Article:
The contraposition between the two concepts of schizophrenia and Dementia Praecox is usually considered as the result of a shift in perspective operated by Eugen Bleuler: Emil Kraepelin focuses on the outcome of cognitive deterioration, whereas Bleuler emphasizes the primary disintegration of the self as a nuclear feature of the disorder. The hypothesis that such a process could reside in deep alterations of the psychic structure was also often opposed to Kraepelin’s conceptualization routed in an organic aetiology of the disorder. However, analysing carefully the fundamental texts of both authors, comes to light that the chronic alteration of the relationship with reality constitutes the core of the disorder, and both authors use this core to formulate their diagnosis. The alteration underlined by the two authors does not appear to coincide with the distortion of reality proposed by contemporary nosography, distortion that is strongly associated to the concepts of delusion and hallucination. It is in fact known that these symptoms do not constitute a necessary criteria for the diagnosis, nor do they always occur in most patients. This article proposes a shift in perspective - from psychotic symptoms to the stable permanence of a pathological alteration in the contact with reality - and discusses the practical and theoretical results of such a shift.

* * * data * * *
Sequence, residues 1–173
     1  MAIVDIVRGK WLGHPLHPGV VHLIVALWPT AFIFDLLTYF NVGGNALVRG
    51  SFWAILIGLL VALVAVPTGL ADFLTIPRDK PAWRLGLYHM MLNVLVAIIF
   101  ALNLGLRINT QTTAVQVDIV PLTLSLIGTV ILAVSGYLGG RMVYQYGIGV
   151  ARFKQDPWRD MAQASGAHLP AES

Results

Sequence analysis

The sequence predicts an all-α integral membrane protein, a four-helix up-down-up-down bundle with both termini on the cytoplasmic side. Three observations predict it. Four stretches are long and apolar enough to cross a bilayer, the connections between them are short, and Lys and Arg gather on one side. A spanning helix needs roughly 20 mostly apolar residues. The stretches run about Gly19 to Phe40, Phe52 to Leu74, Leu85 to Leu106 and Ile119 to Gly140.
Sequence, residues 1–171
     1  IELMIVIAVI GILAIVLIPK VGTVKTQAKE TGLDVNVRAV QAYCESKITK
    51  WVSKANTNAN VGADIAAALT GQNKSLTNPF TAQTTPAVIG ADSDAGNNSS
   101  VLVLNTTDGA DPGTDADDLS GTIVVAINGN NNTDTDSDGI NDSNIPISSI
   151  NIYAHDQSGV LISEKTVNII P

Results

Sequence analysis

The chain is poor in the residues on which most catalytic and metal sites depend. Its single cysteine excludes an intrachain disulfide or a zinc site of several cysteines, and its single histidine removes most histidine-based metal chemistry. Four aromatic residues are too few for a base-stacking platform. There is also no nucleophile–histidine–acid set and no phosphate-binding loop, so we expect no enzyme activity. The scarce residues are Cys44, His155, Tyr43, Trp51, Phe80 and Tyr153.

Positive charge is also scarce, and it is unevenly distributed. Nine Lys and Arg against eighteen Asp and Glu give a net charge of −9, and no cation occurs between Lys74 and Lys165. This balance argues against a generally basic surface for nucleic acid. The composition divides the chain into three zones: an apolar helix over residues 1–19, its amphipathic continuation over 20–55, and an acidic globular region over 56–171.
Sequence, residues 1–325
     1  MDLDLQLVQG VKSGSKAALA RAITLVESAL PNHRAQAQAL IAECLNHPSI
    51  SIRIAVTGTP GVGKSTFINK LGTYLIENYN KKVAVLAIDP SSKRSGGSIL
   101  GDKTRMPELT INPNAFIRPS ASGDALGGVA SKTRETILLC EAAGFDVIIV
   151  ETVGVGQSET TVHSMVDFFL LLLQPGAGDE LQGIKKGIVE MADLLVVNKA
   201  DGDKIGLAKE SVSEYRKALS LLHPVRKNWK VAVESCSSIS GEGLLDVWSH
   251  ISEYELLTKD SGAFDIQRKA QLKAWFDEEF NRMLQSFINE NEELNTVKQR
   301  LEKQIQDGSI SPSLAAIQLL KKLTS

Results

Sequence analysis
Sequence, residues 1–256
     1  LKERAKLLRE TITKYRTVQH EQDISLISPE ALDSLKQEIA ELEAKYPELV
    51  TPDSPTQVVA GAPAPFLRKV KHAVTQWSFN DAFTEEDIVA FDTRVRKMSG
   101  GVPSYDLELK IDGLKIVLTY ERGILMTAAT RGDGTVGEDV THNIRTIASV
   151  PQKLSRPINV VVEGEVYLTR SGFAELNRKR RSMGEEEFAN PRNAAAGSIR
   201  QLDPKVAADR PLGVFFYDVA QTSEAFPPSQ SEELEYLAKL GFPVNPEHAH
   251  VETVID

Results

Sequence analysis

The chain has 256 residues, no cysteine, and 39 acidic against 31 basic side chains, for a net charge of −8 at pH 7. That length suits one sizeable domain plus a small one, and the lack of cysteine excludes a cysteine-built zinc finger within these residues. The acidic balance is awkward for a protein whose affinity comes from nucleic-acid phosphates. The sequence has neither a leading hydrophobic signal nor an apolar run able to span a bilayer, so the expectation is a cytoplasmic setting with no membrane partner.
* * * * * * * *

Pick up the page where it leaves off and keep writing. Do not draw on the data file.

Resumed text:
Keywords: Schizophrenia, Dementia Praecox, reality, delusion, nosography, pathogenesis.